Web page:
Ninth Circuit Lets Appointment of Private Attorney in Arpaio Pardon Case Proceed
The 9th circuit just issued an order denying en banc review on the question of whether or not to appoint a private attorney in the Arpaio pardon appeal. Protect Democracy, along with our partners, are amici in this case who have sought the appointment of a private attorney. As a result of the court’s order, an attorney will now be appointed. Please find a statement by our legal director below.
STATEMENT OF PROTECT DEMOCRACY LEGAL DIRECTOR JUSTIN FLORENCE
We are glad that the 9th Circuit decided to uphold the panel decision to appoint a private attorney. The Court needs briefing and arguments through an adversarial process in order to reach the best decision on whether to vacate Mr. Arpaio’s conviction for criminal contempt for violating a court order. As part of that process, the Court will be able to consider the constitutionality of the Arpaio pardon. We look forward to the appointment of a private attorney and the Court’s review of these important issues.
Background on the Joe Arpaio case
On June 22, Protect Democracy; Free Speech for People; the Coalition to Preserve, Protect and Defend; and the Roderick and Solange MacArthur Justice Center filed an amicus brief with the 9th Circuit opposing en banc review of the decision to appoint a private attorney is necessary in the appeals case of Joe Arpaio. The Court has now agreed with that position.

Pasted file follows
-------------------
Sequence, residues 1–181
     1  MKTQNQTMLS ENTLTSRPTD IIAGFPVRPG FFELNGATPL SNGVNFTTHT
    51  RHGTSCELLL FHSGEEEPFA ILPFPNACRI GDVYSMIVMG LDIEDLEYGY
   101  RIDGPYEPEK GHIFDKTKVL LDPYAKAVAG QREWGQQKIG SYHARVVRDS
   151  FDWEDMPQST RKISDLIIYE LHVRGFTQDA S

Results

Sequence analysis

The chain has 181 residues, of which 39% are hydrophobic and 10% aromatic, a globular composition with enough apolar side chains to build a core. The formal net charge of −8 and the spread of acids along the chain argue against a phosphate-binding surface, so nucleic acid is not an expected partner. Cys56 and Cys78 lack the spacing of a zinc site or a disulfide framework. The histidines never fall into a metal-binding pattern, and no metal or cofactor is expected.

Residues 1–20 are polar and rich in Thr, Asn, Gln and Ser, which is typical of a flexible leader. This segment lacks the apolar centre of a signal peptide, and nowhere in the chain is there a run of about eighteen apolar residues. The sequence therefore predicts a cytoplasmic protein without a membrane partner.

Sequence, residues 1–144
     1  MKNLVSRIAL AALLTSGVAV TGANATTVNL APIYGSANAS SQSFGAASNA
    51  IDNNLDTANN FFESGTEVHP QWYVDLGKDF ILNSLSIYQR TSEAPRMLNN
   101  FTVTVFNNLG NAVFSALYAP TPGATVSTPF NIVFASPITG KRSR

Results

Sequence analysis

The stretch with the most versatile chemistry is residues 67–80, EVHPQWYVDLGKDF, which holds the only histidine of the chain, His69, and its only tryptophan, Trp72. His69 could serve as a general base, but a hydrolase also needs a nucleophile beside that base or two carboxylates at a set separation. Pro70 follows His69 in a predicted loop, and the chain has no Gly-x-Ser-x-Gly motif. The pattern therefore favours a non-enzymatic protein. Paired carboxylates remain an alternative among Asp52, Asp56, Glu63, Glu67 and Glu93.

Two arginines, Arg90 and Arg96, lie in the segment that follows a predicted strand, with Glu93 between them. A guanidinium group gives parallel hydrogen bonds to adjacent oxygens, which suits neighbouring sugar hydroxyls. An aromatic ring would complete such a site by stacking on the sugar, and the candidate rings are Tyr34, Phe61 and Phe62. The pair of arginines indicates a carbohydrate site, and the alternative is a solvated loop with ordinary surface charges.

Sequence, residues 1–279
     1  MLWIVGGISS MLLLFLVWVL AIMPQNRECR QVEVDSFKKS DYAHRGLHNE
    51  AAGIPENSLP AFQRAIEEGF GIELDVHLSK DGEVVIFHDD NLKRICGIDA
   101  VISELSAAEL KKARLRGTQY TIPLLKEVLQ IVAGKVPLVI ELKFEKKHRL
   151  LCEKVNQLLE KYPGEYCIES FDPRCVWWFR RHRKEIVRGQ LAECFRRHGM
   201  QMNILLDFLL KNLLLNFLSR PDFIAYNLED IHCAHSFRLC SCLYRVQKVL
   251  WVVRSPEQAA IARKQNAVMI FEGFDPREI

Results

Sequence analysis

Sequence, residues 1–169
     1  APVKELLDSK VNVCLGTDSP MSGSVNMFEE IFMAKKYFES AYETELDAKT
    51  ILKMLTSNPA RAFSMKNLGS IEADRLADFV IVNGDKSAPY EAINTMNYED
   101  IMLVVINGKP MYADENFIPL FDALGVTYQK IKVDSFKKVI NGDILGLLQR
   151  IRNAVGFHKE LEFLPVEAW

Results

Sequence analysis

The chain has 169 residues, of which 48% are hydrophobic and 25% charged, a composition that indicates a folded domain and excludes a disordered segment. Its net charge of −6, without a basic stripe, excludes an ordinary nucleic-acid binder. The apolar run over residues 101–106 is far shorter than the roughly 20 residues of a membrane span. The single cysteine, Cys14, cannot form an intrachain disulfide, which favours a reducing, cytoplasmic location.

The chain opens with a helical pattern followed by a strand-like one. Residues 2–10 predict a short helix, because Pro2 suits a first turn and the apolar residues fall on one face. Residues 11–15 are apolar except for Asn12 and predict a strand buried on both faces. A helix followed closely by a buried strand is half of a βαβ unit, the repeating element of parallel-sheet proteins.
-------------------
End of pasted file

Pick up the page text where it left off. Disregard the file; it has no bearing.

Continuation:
On April 17, the U.S. Court of Appeals for the 9th Circuit issued an order appointing a private attorney in the appeals case of Joe Arpaio. This order followed a request from Protect Democracy; Free Speech for People; the Coalition to Preserve, Protect and Defend; and the Roderick and Solange MacArthur Justice Center seeking the appointment of this attorney.
Mr. Arpaio was convicted for contempt of court for violating court orders protecting the constitutional rights of private litigants. After President Trump pardoned Mr. Arpaio in August 2017, Mr. Arpaio sought to use the pardon as a basis to vacate his conviction. Protect Democracy filed a brief arguing that the pardon exceeded the President’s constitutional authority and was therefore invalid. The District Court rejected Mr. Arpaio’s motion to vacate his conviction, and Mr. Arpaio appealed.